In the main matched analysis, associated noted before Parkinson disease diagnosis were motor (up to 10 years) and cognitive (up to 5 years) symptoms.
Research from a nested case-control study of a diverse, urban-dwelling population with universal access to healthcare identified a range of comorbidities and symptoms encountered years before Parkinson disease (PD) diagnosis. Tremor and memory symptoms, observed as early as 10 and 5 years before diagnosis, respectively, had the highest associations with subsequent PD.1
"We believe our findings raise potentially important practical considerations for primary care physicians and the opportunity to address patient concerns at an earlier stage of the disease,” lead investigator Christina Simonet, MD, PhD student, Queen Mary University of London, and colleagues wrote. “It is not a case of screening for asymptomatic disease but correctly identifying the underlying cause in patients who are presenting with symptoms and may seek timely onward referral."
In this nested case-control study, investigators aimed to understand the association between risk factors and prediagnostic presentations of PD in an ethnically diverse UK population with high socioeconomic deprivation that counters traditional PD studies which largely encompassed White patients. Based on the 2011 UK Census, London had the greatest ethnic diversity of anywhere in the UK, with the highest proportion of Black, South Asian, and mixed/other ethnic groups, which comprised approximately 45% of residents in East London compared with 14% of the rest of the UK.
To do so, Simonet et al analyzed electronic health records of 1055 patients with PD and 1,009,523 controls from 1990 to 2018. They conducted a main matched analysis and unmatched analysis adjusted for age and sex. Three time periods (<2, 2 to <5, and 5-10 years before diagnosis) were analyzed separately and together. Demographically, they found that patients with PD were more likely to be older vs controls (mean age, 72.9 years [SD, 11.3] vs 40.3 years [15.2]) and more patients were male (632 [59.9%] vs 516,862 [51.2%]).
In the matched analysis, 52 (4.9%) patients who were subsequently diagnosed with PD presented with memory symptoms compared with less than 1% of controls. Within 2 years of PD diagnosis, individuals with memory symptoms had an approximate 9-fold increased odds of developing the neurodegenerative disorder (odds ratio [OR], 8.60; 95% CI, 5.91-12.49). This association was also observed up to 5 years before diagnosis (2 to <5 years: OR, 3.08; 95% CI, 1.81-5.24) but not further (5-10 years: OR, 2.06; 95% CI, 0.96-4.42).
Investigators identified 7-fold increased odds of receiving a PD diagnosis within 2 years (OR, 6.84; 95% CI, 3.38-13.85) among patients with hypotension. Although not as pronounced, this association was also observed in the 2 to less than 5 years before diagnosis time period (OR, 4.88; 95% CI, 2.44-9.77). Constipation, more commonly found in patients with PD (4% vs 1%), was associated with a 3-fold increase in subsequent diagnosis and was significant across all 3 analysis periods. In contrast with other autonomic symptoms, an association between erectile dysfunction and future PD in men was observed only 5 to 10 years before diagnosis (OR, 1.51; 95% CI, 1.11-2.05).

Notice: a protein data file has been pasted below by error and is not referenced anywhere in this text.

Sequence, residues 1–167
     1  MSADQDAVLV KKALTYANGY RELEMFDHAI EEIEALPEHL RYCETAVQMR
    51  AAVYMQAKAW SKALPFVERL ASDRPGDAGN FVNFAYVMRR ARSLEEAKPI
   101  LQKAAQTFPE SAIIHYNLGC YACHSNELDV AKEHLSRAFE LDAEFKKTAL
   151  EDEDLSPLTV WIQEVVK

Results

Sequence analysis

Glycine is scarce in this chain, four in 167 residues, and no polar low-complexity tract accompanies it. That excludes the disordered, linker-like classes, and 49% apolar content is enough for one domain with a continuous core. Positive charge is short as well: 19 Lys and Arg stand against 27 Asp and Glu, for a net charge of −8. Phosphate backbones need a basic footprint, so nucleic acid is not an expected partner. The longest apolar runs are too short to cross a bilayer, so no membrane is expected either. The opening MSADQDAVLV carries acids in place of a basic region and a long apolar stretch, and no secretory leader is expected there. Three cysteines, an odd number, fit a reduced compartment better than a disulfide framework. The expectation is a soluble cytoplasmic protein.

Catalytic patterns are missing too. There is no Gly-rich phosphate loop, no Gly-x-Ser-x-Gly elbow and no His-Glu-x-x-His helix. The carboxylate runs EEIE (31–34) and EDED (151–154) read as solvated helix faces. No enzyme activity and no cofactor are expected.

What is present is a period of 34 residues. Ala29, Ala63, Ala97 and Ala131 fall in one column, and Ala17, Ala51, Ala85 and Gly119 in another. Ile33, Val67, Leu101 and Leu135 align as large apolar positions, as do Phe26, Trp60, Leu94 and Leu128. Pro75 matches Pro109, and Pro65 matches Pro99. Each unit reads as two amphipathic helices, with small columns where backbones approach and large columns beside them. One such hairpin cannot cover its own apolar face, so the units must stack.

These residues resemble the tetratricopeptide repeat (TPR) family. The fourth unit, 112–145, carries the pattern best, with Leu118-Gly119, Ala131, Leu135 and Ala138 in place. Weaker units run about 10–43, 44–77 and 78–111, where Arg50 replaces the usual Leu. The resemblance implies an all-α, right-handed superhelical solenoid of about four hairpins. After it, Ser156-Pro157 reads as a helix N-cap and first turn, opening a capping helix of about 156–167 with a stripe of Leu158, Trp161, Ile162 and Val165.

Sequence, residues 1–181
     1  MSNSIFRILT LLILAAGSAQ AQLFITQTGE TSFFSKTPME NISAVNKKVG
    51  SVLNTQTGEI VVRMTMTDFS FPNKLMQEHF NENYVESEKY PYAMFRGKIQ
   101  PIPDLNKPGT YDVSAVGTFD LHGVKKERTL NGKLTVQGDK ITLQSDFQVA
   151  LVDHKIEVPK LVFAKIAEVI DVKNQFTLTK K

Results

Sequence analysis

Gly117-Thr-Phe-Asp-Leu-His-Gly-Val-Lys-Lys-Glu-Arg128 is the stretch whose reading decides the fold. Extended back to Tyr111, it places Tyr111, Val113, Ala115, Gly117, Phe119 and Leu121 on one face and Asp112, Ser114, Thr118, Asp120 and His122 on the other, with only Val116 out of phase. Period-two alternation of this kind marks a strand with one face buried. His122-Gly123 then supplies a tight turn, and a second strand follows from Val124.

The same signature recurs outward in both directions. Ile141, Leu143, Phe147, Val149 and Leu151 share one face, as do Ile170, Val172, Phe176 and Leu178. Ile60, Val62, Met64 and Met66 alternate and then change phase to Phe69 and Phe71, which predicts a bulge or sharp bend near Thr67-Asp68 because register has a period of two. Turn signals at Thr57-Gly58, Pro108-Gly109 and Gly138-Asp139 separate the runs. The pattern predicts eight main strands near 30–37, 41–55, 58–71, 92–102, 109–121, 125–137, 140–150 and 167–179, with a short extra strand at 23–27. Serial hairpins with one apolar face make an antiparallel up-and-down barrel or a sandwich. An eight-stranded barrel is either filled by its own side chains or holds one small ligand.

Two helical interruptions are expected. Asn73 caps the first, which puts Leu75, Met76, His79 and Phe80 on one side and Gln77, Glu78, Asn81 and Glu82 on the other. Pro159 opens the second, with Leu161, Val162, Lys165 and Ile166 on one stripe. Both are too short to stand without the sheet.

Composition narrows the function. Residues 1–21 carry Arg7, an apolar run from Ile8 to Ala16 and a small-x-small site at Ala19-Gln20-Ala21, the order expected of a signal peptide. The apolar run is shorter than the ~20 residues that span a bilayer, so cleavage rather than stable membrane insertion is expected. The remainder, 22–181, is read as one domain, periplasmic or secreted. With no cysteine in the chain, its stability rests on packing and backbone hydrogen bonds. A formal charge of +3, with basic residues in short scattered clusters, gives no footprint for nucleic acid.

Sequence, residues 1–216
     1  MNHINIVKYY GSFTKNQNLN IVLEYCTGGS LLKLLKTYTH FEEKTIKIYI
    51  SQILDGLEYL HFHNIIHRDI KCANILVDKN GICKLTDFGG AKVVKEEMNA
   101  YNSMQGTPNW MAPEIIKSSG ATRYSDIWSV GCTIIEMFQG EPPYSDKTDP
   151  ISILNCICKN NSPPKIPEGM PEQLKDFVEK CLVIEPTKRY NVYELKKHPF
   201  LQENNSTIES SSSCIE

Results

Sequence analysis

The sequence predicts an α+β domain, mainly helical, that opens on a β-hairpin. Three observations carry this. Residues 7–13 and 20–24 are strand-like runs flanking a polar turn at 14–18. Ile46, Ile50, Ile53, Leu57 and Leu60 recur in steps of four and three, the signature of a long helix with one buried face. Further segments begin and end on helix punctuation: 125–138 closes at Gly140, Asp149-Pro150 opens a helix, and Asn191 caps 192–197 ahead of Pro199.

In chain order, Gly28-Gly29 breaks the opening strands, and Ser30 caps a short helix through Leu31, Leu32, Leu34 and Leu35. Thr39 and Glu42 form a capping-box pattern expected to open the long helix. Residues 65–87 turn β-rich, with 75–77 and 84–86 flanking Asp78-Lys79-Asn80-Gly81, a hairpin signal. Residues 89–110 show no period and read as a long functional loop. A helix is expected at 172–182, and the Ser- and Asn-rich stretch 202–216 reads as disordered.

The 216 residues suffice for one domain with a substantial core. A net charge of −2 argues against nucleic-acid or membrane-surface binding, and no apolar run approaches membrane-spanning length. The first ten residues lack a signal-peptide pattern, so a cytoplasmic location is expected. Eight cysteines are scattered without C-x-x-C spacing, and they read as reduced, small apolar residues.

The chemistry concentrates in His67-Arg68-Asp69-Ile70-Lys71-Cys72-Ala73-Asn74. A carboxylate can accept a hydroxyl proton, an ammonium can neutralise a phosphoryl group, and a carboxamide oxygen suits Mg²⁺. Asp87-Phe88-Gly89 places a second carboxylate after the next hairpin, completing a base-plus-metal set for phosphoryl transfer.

Odds of subsequent PD were increased in those who had hypertension (OR, 1.29; 95% CI, 1.07-1.56) or type 2 diabetes (OR, 1.41; 95% CI, 1.09-1.82) 5 to 10 years before diagnosis, but not closer in time to diagnosis. Contrary to being overweight, which had no association with subsequent PD diagnosis, investigators found that being underweight in the period closest to PD diagnosis was associated with higher odds of developing the disease (OR, 2.73; 95% CI, 1.17-6.37).
Epilepsy and hearing loss, 2 factors which the investigators noted had been largely underreported in the literature, were associated with subsequent PD diagnosis over the 3 time periods (ORs for epilepsy: approximately 3; ORs for hearing loss: approximately 1.2), except for hearing loss in the period closer to PD diagnosis (OR, 1.03; 95% CI, 0.69-1.52).
Simonet et al noted that epilepsy occurring before PD was a "notable finding," although some evidence for the association had been identified in previous studies. "In the present study, drug-induced parkinsonism could not be ruled out owing to the lack of information about medication," they wrote. "Certain antiepileptic drugs have been associated with tremor and PD, and coexisting vascular disease might also plausibly link epilepsy with PD, especially in the older population. Further research is needed to investigate a potential link."
Shoulder pain was associated with a doubling of the odds of PD diagnosis up to 5 years before diagnosis (<2 years: OR, 2.23 [95% CI, 1.50-3.30]; 2 to <5 years: OR, 1.88 [95% CI, 1.33-2.66]), whereas neck pain was not associated with PD across the 3 periods.
The associations of midlife comorbidities, nonmotor manifestations, and early motor markers were all fairly consistent when stratified by ethnic group. Notably, epilepsy was associated with subsequent PD in patients who were Black or White but not in those of South Asian ethnicity. Rigidity was not reported in Black patients before diagnosis and had lower ORs in South Asian patients (OR, 4.62; 95% CI, 0.63-33.88).